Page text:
Add in the surface-level similarity between SoFi, and SVB Financial (NASDAQ:SIVB), and it makes even more sense why the market has gone from bullish to bearish on shares in this fintech firm/neobank. Yet while the market has changed its view, the sell-side community has not.
Analyst sentiment for SoFi remains the same as it was a month ago. None of the analysts covering the stock have changed their view considering recent developments.
In the near-term, there is a disconnect between the analyst community’s view, and the overall market’s view. That may not be the case later this year. Here’s why.
The Sell-Side Leans Bullish
According to Marketbeat, a great resource for gauging sell-side sentiment, SoFi Technologies currently has a Consensus Analyst Rating of “Moderate Buy.” Out of 12 active analyst ratings, seven rate shares a “buy,” five rate it shares a “hold,” with zero active “sell” recommendations.
As for price targets, the Consensus Analyst Price Target for SOFI stock comes in at $8.42 per share. That represents 46.6% in potential upside relative to current prices, although these price targets vary widely, from $6 per share at the low end, to $13 per share at the high end.
As I mentioned above, there has been zero change to overall sentiment for SOFI considering the banking crisis. In fact, as a Motley Fool commentator has pointed out, just last week, one analyst most bullish on the stock (Mizhuo’s Dan Dolev), reiterated his “buy” rating and $9 per share price target on SOFI.
Providing little-to-no commentary about the banking crisis, Dolev’s reiteration of his analyst rating was based primarily on upbeat statements about SoFi’s various strengths/competitive advantages, made to him by management at a recent dinner meeting.
Why SVB’s Collapse Hasn’t Changed Their View
At first glance, it may seem that it is best to take Dolev’s latest rating on SOFI stock with a grain of salt. After all, focusing entirely on future potential, with little attention to current troubles, seems a rose-colored glasses approach.
That might be the case, if SoFi Technologies was actually facing trouble because of the current mess in banking. Recently, I argued SoFi is not the next SVB. Both firms may be part of the same Silicon Valley milieu, and operate within the same sector, but their business models couldn’t be any more different.
SoFi’s focus on making short-term loans means it has low duration risk in a rising rate environment. The fact it is making these loans with insured individual deposits (which management considers “sticky,” according to Dolev’s latest rating) lowers the risk this digital-first bank experiences the bank run SVB experienced, when its fickle, uninsured deposit cashed out en masse at the first sign of trouble.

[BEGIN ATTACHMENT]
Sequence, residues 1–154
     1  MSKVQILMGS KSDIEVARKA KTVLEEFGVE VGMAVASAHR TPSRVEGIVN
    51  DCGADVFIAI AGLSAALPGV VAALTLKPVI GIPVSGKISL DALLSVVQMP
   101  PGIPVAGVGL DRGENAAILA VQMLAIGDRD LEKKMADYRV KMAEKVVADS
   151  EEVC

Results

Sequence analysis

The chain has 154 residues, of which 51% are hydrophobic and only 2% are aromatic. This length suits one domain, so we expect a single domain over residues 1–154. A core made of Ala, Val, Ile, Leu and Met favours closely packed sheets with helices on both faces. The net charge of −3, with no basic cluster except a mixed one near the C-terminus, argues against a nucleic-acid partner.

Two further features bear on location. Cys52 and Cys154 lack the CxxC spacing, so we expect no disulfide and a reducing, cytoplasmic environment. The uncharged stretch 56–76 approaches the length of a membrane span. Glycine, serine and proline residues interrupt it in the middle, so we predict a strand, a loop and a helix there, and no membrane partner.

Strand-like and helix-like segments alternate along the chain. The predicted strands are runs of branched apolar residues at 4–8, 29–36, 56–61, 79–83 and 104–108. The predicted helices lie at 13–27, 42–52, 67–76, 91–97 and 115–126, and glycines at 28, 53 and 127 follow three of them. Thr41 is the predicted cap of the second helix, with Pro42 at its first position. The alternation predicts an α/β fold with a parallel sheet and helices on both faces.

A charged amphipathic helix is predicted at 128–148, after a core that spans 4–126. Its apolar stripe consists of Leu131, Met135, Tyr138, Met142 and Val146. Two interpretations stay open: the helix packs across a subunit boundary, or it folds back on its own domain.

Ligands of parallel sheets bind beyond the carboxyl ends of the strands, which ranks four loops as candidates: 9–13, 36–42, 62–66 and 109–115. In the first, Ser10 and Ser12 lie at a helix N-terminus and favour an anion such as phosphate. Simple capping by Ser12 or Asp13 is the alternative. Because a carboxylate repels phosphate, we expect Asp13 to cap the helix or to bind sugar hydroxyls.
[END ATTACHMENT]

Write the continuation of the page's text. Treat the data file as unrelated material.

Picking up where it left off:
In short, it makes sense why the banking maelstrom hasn’t altered Dolev’s view. Or any of the other analyst’s views on SOFI. Instead, their focus remains rightfully on SoFi’s promising future.
The Bull Case Could Prevail on a Not-So-Long Timeframe
The market clearly isn’t in alignment with the sell-side’s current optimism for SoFi. It may take some time for this view to change. However this disconnect works to your advantage.
Yes, just because a stock sells at a discount to its average analyst rating doesn’t mean it will soar to that rating. Here, though, hitting the sell-side’s average price target may be more than attainable.
Based on its last quarterly earnings report, SoFi appears on track to report another year of vigorous growth, and perhaps, a move to GAAP profitability by Q4 2023 (quarter ending Dec. 31, 2023).
As further sign that this bank will meet, or even beat, this year’s guidance could send it up to the high single-digits, following the sell side’s lead with SOFI stock could be a profitable move.
On the date of publication, Thomas Niel did not hold (either directly or indirectly) any positions in the securities mentioned in this article. The opinions expressed in this article are those of the writer, subject to the InvestorPlace.com Publishing Guidelines.